The Computationalist Manifesto
At last night’s WebGL Meetup, David Sheets presented his work with Gloc, a tool set for creating and composing programmable shaders for WebGL. At least, that’s how the talk was billed to the group. Much to my surprise and delight, what we got instead was a vision of the future. More than a vision– it was a manifesto. A Computationalist Manifesto.
In his presentation, titled GPU Functions as Hypermedia, David threw down his vision of a universe of hyperlinked graphical program code, something like a Mathematica meets Project Xanadu. Wiry and frenetic, more Bram Cohen than Ted Nelson, David evoked a future world where programmable shaders— those amazing powerful C-like programs we use in WebGL to realistically render grass and water, or create mind-blowing dynamic animation effects– can be composed together into a seamless system of connected, reusable code, instead of trapped in web pages, shackled in service to a single, pixel-bound purpose.
More than just a production system for hooking together special effects, e.g., Blinn-shaded geometry meets Instagram image filter plus refraction mapping, Sheets sees this interconnected network of little programs as an underlying computational fabric, a web of hyperconnected code governed by a functional programming model. It’s a grand vision, and David is on a crusade to make it into reality, or, borrowing his word from last night, reify it. (I don’t know about you, but anyone who uses the word like that several times in a single presentation is my kinda people. He had me at the first reify.)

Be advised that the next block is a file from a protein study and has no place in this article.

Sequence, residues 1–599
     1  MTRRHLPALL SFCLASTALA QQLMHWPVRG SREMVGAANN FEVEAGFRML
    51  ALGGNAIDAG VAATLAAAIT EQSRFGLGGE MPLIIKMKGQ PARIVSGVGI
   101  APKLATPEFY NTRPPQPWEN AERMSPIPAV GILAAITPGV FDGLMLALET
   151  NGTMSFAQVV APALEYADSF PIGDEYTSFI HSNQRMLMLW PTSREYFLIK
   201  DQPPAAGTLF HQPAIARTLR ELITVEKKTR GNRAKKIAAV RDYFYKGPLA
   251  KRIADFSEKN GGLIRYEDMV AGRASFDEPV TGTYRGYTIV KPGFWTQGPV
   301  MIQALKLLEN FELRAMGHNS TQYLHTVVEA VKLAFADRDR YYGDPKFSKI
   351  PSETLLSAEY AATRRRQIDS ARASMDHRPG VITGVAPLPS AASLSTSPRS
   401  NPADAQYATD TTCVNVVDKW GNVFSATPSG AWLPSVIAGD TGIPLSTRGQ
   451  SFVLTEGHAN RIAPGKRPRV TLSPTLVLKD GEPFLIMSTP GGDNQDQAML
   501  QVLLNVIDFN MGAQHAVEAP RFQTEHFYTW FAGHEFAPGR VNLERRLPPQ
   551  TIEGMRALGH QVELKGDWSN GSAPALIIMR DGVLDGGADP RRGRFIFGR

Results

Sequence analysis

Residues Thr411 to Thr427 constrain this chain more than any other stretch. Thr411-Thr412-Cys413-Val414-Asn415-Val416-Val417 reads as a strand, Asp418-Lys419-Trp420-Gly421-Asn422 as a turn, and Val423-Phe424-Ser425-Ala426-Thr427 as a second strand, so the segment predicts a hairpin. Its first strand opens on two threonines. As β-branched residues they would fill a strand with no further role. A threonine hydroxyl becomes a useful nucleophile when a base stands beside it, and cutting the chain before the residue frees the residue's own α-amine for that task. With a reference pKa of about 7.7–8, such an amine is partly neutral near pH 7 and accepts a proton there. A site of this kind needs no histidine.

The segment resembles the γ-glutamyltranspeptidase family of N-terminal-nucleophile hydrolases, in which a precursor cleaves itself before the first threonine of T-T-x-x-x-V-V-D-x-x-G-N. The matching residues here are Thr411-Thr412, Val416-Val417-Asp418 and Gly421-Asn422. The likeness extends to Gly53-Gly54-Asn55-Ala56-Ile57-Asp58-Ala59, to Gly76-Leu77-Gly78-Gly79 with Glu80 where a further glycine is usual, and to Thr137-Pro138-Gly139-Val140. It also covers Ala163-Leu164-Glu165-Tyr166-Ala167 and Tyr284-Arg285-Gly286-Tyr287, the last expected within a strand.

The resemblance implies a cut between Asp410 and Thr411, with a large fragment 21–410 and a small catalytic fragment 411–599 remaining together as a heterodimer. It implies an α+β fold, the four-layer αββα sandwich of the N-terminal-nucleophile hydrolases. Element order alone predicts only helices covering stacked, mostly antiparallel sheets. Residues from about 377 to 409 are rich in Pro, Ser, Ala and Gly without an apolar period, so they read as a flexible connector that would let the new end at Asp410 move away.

Whether shaders become the computational reality underlying a hypermedia web will depend largely on David’s ability to bring it home. He has written a great tool set. But it’s early and we’ll need layers up above it, such as graphical editors, before it is anywhere near ready for the mainstream. Even then, he will be fighting an uphill battle. Though his insights are grounded in the reality that WebGL is computational, not declarative, most people simply don’t think that way. And even though the two views have been demonstrated to be, ultimately, equivalent (in my favorite CS book ever, thanks Hal and Jerry), most people, you know, just don’t think that way.
David has serious conviction and I hope the world doesn’t beat him down too hard. Gloc is really exciting, and I wish him well on this adventure.
Till this all plays out, I’ll be hearing in my mind David’s unspoken call to arms:
“Graphics programmers of the world, unite! You have nothing to lose but your tool chains!”